A bill requiring school districts to upgrade security passed the House by a wide margin on Wednesday despite concerns about a reference to a National Rifle Association program.

Two dozen Democrats who support the bill signed a statement denouncing inclusion of the NRA’s Eddie Eagle Gunsafe program, and two Republicans opposed the bill because it didn’t include a provision for arming teachers.

The Kansas Safe and Secure Schools Act would task the Kansas State Board of Education with creating standards for the structural integrity of buildings and entrances, as well as the use of security cameras, communications and intrusion detection systems. House Bill 2773 also requires safety plans to be in place by Jan. 1.

The bill provides $300,000 to KSDE to implement the measures and $5 million in matching grants for districts.

“This is not the overall answer to school security measures but is a good first step in providing a safe and secure learning environment for Kansas schools,” said Rep. Leo Delperdang, R-Wichita.

Opposition stems from a section of the bill that allows local school boards to provide firearm safety curriculum, including but not limited to the Eddie Eagle program. A long list of Democrats who signed a statement opposing the “advertisement for the NRA” starts with Rep. Jerry Stogsdill, of Prairie Village.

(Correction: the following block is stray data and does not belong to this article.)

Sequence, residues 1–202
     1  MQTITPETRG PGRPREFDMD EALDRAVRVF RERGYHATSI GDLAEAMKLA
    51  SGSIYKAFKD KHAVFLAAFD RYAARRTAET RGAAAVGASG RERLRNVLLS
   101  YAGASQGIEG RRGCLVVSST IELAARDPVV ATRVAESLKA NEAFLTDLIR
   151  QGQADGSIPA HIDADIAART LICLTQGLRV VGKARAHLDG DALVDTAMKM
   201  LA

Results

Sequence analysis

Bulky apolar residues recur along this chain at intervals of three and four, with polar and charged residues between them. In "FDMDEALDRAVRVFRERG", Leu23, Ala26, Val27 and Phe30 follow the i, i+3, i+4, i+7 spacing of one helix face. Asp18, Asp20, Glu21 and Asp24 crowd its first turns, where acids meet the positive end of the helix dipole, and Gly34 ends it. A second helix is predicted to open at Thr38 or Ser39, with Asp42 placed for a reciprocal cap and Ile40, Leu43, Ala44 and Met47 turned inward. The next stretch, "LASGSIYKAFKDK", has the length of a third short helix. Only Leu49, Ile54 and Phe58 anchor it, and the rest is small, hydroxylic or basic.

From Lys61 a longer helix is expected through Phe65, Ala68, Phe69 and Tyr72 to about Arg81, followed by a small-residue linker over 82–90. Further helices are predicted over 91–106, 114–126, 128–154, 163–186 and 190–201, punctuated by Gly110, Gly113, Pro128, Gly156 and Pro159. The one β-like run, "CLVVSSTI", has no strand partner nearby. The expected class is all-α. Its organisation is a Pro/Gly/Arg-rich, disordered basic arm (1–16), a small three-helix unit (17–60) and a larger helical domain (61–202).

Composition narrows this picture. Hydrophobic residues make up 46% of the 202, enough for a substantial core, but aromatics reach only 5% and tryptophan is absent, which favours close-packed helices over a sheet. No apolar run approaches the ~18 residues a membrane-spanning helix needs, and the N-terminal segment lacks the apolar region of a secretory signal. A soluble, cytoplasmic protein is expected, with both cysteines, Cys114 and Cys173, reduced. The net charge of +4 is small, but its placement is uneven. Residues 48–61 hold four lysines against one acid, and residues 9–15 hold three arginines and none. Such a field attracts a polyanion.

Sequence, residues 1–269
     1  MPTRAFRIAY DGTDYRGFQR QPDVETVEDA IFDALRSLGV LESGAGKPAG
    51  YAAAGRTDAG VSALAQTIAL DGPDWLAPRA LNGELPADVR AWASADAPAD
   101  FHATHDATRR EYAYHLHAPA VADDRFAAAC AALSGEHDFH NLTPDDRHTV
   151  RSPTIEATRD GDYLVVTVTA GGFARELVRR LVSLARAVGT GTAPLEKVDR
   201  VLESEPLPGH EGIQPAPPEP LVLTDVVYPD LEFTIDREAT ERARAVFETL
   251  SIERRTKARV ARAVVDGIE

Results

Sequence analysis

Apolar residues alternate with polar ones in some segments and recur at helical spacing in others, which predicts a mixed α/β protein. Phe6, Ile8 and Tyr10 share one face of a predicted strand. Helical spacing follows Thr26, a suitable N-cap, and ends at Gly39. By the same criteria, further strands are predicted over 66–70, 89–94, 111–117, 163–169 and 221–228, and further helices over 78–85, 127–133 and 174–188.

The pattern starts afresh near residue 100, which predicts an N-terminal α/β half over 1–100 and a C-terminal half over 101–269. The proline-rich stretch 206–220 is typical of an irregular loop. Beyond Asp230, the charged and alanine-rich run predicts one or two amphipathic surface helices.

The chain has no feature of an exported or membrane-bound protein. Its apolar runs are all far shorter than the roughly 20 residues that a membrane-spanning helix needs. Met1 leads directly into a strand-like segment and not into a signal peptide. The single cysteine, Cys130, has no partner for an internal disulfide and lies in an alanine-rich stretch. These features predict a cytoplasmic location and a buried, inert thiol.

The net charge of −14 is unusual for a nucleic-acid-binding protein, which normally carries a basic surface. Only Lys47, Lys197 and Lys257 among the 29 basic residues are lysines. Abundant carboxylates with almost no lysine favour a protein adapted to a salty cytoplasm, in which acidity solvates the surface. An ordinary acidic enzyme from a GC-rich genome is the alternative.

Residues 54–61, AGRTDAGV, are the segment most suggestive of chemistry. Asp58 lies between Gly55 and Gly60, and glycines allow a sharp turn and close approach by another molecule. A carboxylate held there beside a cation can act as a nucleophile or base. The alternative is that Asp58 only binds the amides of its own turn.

“The NRA program can be chosen by a school board if they so elect,” the Democrats said. “It should not be given specific reference in this bill over any other gun safety program. We also have concerns that we take time away from curriculum areas such as reading, math, science or history to include instruction on a topic that can be easily accessed in other forums outside of our public schools.”

Those concerns weren’t enough to derail their support for the bill, which goes to the Senate after passing with a margin of 119-5.

Among those voting no were Rep. Jesse Burris, R-Mulvane, and Rep. Randy Garber, R-Sabetha, who said Kansas law allows for school employees to carry a concealed handgun and called for further safety considerations.

“The possibility that a school district employee could be carrying a concealed firearm arguably deters, or could deter, a mass shooting,” Burris and Garber said. “Further, an armed employee could stymie a mass shooting.”